subjects, and, by their excessive vices, and, more especially, by
the unworthiness of their conduct, make themselves unbearable to the
latter, in such a case they should be convinced that one has not
only a perfect right to kill them, but that to accomplish such a
deed is glorious and heroic.' . . .
"But most precise are the words of the work, so highly prized above
all others by the Roman Curie, :Defensio Fidei Catholicce et
Apostolicae [Defence of the Catholic and Apostolic Faith]' of the
Jesuit Suarez, which appeared in Lisbon in the year 1614, as therein
it is stated (lib. vi, cap. iv, Nos. 13 and 14): 'It is an article
of faith that the Pope has the right to depose heretical and
rebellious kings, and a monarch dethroned by the Pope is no longer a
king or legitimate prince. When such an one hesitates to obey the
Pope after he is deposed, he then becomes a tyrant, and may be
killed by the first comer. Especially when the public weal is
assured by the death of the tyrant, it is allowable for anyone to
kill the latter.'
"Truly regicide could not be taught by clearer words .... The sons
of Loyola . . . declared that a more learned, or God-fearing book,
had never appeared .... Indeed, from this time forth no Jesuit
professor whatever wrote on moral theology, or any similar subject,
without adopting the teaching of Suarez."– "History of the Jesuits,"
Can any one doubt that the Jesuits have faithfully carried out this "Article of Faith," wherever they thought it advisable, when he reads of the many attempts upon the life of Queen Elizabeth of England; of the "Gunpowder Plot" to murder James I, and to destroy the "Houses of Parliament" in one blast; of the assassination of William, Prince of Orange; of the attempts upon his son, Maurice, Prince of Orange, and upon Leopold I of Germany, by agents of that Society? We could refer to the "Holy League" of 1576, sponsored by the Jesuits, for the purpose of uniting Catholic Europe to crush Protestantism and the assassination of Henry III and Henry IV of France in the interest of that scheme.
"The Jesuits were, indeed, the heart and soul of the Leaguist
conspiracy."–Id., p. 210. See also pp. 508-608.
If the political activities of the Jesuits, of which Pope Clement
XIV complained so pathetically, are not a serious problem to civil
governments, then why were the Jesuits expelled from so many states,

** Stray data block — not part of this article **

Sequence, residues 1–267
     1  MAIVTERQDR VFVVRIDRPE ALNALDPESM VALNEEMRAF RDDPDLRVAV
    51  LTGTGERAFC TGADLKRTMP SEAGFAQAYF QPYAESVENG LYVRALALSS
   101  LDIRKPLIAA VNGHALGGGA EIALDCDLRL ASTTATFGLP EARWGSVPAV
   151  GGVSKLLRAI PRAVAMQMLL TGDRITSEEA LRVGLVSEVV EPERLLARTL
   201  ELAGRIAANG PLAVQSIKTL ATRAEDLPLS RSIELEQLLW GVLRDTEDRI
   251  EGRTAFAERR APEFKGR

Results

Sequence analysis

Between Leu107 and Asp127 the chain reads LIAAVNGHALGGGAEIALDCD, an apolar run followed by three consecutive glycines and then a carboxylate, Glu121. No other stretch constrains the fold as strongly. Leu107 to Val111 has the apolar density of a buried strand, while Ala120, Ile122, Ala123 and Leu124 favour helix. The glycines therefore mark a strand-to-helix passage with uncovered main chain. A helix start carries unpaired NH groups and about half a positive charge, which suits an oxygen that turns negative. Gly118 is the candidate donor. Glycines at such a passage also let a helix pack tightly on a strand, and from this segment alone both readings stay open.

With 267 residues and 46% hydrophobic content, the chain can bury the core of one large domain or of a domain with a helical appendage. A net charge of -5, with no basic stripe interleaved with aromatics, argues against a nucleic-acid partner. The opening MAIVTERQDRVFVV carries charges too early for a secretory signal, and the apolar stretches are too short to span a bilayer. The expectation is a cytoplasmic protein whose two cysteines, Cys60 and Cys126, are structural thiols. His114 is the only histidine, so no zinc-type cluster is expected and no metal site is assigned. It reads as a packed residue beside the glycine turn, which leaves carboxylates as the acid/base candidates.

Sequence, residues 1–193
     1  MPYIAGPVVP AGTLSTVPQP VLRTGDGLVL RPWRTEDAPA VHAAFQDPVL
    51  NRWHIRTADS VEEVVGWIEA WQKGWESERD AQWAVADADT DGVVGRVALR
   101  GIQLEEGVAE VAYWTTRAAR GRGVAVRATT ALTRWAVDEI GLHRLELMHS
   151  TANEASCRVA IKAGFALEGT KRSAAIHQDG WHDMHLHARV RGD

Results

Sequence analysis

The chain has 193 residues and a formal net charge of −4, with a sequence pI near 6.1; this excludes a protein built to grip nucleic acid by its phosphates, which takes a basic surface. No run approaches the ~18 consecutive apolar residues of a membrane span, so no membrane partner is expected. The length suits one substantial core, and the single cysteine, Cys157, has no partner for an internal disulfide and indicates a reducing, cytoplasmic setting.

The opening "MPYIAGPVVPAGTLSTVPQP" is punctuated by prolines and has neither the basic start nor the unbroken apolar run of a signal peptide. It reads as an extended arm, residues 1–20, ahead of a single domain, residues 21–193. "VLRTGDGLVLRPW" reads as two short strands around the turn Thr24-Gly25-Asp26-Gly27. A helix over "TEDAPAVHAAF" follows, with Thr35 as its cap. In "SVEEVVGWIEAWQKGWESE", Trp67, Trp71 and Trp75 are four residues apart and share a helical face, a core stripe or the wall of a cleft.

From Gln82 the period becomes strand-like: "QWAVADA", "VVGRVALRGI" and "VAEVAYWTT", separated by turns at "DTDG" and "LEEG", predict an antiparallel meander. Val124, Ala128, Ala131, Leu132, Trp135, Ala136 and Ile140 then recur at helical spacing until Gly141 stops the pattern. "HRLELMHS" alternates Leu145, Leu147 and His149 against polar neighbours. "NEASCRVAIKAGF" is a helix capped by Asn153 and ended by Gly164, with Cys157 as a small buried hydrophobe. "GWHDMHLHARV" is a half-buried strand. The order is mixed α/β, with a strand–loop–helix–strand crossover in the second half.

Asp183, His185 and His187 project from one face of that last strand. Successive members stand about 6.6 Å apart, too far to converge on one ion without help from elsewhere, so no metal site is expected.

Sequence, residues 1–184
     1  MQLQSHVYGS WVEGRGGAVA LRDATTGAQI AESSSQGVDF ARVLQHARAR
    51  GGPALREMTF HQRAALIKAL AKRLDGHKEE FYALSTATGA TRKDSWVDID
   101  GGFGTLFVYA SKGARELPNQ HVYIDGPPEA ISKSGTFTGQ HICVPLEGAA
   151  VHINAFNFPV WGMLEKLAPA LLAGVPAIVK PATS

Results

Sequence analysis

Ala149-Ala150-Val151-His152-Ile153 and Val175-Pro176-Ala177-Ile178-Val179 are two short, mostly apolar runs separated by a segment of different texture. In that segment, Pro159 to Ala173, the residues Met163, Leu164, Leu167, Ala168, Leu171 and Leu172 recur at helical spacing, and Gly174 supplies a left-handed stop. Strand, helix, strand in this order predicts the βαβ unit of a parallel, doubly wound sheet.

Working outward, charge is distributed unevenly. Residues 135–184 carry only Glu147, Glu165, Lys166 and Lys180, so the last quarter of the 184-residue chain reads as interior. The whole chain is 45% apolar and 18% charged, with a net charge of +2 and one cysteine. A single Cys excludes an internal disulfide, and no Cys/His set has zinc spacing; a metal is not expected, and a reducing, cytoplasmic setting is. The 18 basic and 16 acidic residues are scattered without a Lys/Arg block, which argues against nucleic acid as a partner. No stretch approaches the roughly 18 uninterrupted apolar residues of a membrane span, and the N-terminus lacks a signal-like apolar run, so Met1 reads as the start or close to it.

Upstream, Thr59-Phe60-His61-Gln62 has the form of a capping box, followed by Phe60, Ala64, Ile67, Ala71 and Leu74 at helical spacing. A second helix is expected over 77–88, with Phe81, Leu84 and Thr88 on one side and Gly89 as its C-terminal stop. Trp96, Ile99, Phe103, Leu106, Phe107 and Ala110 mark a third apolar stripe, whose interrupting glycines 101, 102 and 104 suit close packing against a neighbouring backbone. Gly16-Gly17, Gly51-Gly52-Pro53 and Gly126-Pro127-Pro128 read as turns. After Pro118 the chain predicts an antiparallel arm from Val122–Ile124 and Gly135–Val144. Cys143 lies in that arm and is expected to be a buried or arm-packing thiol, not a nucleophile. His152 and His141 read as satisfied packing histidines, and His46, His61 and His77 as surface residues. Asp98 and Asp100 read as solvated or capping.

Catholic as well as Protestant, as the following table shows?
Francis T. Morton, Member of the Massachusetts Bar, gives the
Jesuits Expelled From. . .
–" The Roman Catholic Church and Its Relation to the Federal
Government," pp. 167, 168. Boston:1909.
Those who feel that the foregoing facts constitute no danger to
American civil and religious liberty, would do well to remember that
the Jesuits carry on an extensive educational program in this
country, and that, according to their textbooks, their principles of
civil government are diametrically opposed to the American ideas of
separation of church and state. See their "Manual of Christian
Doctrine, by a Seminary Professor," pp. 131-133. Philadelphia:1915.
The author has stated the foregoing facts, not
because of any enmity towards Jesuits as individuals, nor to
Catholics in general, but only from a feeling of responsibility to
enlighten the American people regarding a public danger. We can
truly love the persons, while we warn people against their dangerous
tendencies. If we did not sincerely love everybody, we would not be
true Christians. (Matthew 5:43-48.) Jesus loves the sinner, while He
hates his sins; and we must have the mind of Christ. (Philippians
2:5; 1 Corinthians 2:16.)
To those who wish to study this subject further we recommend the careful reading of the following books, besides those referred to in this chapter: "History of the Jesuits," by Andrew Steinmetz, London, 1848; "History of the Jesuits," by G. B. Nicolini, London, 1854; "Secret Instructions of the Jesuits," translated from the Latin by W. C. Brownlee, D. D., New York, 1841; "The Footprints of the Jesuits," by R. W. Thompson; "The Jesuit Enigma," by E. Boyd Barrett; "The Programme of the Jesuits," by W. Blair Nearby, London, 1903; "Provincial Letters," by Blaise Pascal, New York, 1853; "History and Fall of the Jesuits," by Count Alexis de Saint-Priest, London, 1861; "Political Life of an Italian," by Francesco Urgos, Battle Creek, Mich., 1876; and "The Jesuit Morals, collected by a Doctor of the College of Sorbonne in Paris," translated into English, London, 1670.